Many women describe menopause as an emotional rollercoaster. One moment you may feel happy, and then suddenly you see something or hear something that triggers a crying fit or a wave of anxiety. Though you may feel like you are going crazy, you need to know that these mood changes are normal and common. Up to 75% of women complain of menopausal mood swings.
Estrogen and progesterone help to regulate chemicals in your brain that modulate happiness and your sense of calm. As these hormones begin to jump around during menopause, your ability to maintain calm and composed may be strained. As a result, you may have a flash of rage or irritability over something minor.
Anxiety or Depression
About 23% of women experience anxiety during menopause, and 18-38% report feelings of depression. Both of these mood disorders can cause debilitating symptoms including panic attacks, dread, fear, fatigue, sadness, lack of motivation, and difficulty concentrating.
Tips for Orgasm After Menopause
Between the physical and emotional changes brought on by menopause, you may rightfully fear that you will never want or enjoy sex again. The good news is there are several treatments and interventions that you can put in place to get your sex life back on track.
Using a lubricant will help to combat the painful symptoms of vaginal atrophy. Both water and silicone lubricants can be purchased over the counter—you may want to experiment to find which one works best for you. Water-based lubricants may need to be reapplied more often; silicone lubricants are longer-lasting, but tend to be more expensive and can stain your sheets.
Try Direct Stimulation
Decreased blood flow to your clitoris and vagina is likely to have made them, and in turn you, less responsive to touch. You can try to reverse this development by directly stimulating these areas. Regularly using a vibrator, stimulating these areas with oral sex, and having you or your partner directly touch, rub or stroke your clitoris will all work to improve blood flow and increase your arousal during intercourse.
Keep the Room Temperature Cool
Hot flashes and night sweats can both interfere with intimacy. By keeping your bedroom cool you can reduce the frequency of these mood killers. Consider keeping a fan, a glass of water, and even ice cubes near your bed to help keep you comfortable as things heat up between you and your partner.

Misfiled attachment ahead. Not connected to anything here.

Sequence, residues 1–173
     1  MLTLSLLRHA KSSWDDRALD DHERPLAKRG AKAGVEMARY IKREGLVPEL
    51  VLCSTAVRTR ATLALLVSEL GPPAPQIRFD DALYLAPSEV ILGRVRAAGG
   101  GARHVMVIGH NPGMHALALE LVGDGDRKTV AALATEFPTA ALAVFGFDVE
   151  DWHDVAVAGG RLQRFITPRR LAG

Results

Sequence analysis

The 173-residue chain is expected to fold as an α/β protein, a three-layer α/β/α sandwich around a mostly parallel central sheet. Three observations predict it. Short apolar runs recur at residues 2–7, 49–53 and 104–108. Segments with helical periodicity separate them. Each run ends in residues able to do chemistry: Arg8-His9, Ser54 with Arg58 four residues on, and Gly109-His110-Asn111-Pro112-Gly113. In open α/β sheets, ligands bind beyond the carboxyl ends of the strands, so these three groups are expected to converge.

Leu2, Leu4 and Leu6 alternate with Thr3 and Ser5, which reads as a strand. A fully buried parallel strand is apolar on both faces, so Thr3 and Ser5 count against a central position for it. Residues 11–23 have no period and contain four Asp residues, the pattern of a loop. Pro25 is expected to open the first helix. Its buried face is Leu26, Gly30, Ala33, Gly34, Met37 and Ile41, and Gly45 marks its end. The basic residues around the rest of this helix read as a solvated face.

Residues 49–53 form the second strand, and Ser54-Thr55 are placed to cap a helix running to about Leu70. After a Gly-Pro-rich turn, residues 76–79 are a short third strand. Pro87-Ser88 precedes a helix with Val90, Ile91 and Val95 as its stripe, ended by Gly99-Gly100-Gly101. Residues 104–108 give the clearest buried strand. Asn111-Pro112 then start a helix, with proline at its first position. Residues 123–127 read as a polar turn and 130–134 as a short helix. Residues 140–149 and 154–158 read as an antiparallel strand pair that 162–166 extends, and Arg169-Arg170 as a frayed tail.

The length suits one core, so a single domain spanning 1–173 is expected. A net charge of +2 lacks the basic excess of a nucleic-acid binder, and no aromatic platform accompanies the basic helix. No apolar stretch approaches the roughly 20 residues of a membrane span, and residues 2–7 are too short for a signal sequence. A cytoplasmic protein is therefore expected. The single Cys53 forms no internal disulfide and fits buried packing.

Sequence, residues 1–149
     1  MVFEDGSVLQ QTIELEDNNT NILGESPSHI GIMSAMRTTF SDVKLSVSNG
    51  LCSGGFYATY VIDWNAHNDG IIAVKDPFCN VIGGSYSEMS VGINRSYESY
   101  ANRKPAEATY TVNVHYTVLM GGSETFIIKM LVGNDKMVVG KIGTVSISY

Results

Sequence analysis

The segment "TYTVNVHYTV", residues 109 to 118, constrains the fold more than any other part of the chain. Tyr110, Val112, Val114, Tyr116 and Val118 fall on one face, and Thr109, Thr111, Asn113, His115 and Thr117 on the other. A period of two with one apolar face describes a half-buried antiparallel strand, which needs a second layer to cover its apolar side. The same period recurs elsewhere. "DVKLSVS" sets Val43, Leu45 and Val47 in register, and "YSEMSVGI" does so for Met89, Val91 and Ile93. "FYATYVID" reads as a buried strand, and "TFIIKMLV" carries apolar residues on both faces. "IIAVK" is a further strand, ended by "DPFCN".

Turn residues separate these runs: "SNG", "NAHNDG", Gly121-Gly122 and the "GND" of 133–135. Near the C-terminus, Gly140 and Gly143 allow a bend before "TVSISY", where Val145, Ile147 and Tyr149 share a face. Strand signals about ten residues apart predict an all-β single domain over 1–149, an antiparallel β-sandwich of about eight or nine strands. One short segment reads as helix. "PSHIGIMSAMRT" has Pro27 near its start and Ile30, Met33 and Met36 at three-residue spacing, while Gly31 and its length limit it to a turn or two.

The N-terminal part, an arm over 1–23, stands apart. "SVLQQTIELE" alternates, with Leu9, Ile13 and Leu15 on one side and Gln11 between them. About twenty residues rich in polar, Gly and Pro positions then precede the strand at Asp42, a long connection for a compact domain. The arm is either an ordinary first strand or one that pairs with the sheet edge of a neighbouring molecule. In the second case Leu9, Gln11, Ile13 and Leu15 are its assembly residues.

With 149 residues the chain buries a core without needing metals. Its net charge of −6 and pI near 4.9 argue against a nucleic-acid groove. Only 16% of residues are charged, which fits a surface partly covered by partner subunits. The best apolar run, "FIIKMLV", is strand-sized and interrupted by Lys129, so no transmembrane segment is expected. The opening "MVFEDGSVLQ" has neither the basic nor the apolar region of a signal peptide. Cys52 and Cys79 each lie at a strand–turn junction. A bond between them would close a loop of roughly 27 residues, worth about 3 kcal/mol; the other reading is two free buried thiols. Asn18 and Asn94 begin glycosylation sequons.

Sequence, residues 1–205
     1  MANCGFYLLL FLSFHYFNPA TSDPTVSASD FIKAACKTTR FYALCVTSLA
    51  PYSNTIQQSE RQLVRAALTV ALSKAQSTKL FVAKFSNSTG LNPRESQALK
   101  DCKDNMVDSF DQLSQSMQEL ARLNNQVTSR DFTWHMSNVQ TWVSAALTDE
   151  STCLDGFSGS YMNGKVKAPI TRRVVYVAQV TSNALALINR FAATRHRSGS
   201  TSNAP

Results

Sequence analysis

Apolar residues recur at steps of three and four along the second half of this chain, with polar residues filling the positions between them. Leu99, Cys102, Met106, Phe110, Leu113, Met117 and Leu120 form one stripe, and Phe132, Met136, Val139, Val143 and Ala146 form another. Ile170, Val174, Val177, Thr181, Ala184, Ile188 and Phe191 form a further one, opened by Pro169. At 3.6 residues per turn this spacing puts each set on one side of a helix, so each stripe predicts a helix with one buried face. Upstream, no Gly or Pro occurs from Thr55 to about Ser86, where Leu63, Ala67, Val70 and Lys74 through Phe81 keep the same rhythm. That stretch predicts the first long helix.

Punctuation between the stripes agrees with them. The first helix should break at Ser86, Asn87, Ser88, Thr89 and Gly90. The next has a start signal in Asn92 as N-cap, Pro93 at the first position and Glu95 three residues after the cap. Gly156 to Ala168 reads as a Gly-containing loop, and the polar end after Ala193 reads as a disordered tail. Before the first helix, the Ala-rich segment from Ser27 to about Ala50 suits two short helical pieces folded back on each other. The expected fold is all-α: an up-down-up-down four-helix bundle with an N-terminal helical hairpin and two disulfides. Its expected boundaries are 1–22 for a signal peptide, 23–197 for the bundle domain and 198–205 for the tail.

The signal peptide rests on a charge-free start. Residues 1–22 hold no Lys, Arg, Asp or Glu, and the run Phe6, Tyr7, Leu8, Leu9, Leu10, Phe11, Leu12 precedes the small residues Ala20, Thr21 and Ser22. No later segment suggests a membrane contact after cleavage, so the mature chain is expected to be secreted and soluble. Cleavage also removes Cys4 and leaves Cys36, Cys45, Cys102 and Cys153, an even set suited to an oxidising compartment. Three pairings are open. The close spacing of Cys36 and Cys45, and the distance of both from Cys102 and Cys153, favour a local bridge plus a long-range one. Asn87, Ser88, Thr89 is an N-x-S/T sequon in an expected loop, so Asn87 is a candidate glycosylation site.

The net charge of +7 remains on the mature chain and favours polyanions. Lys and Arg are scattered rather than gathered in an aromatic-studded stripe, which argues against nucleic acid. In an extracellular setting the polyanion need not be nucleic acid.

Take Extra Time for Physical Intimacy
Making your intimate life a priority is key to tackling the sexual symptoms of menopause. If your libido is low, you may never be in the mood to have sex. To counteract this, make an appointment for intimacy with your partner. Once you have set aside time to be physically intimate, don’t rush it. Taking the extra time you need to get in the mood for physical intimacy is crucial. Spending more time on foreplay and making sure you are fully aroused will improve the chances for fulfillment and orgasm.
Menopause Hormone Therapy for Your Menopause Symptoms
Menopause hormone therapy (MHT) is safe and effective in treating menopause symptoms in the majority of healthy women. From hot flashes to night sweats to mood swings, MHT can help you get these symptoms, potential intimacy busters, under control.
Estradiol Vaginal Cream
Vaginal dryness, irritation, and burning can all be alleviated with estradiol vaginal cream. Additionally, estradiol vaginal cream can actually reduce the number and severity of the hot flashes and night sweats you have been experiencing.
If You Are Experiencing Difficulty Orgasming After Menopause, Alloy Can Help
If menopause has derailed your sex life and you are having difficulty orgasming, Alloy can help. It’s easy to get treatment recommendations from an Alloy expert. Take our free online assessment and we’ll get you the menopause hormone therapy you need.
Alloy's Recommended Treatment for Hot Flashes
Leventhal JL. “Management of Libido Problems in Menopause.” Perm J. 2000;4(3):29-34.
“Pain with Penetration.” The North American Menopause Society. https://www.menopause.org/for-women/sexual-health-menopause-online/sexual-problems-at-midlife/pain-with-penetration#:~:text=Over%20time%2C%20and%20without%20treatment,say%20they%20find%20sex%20painful.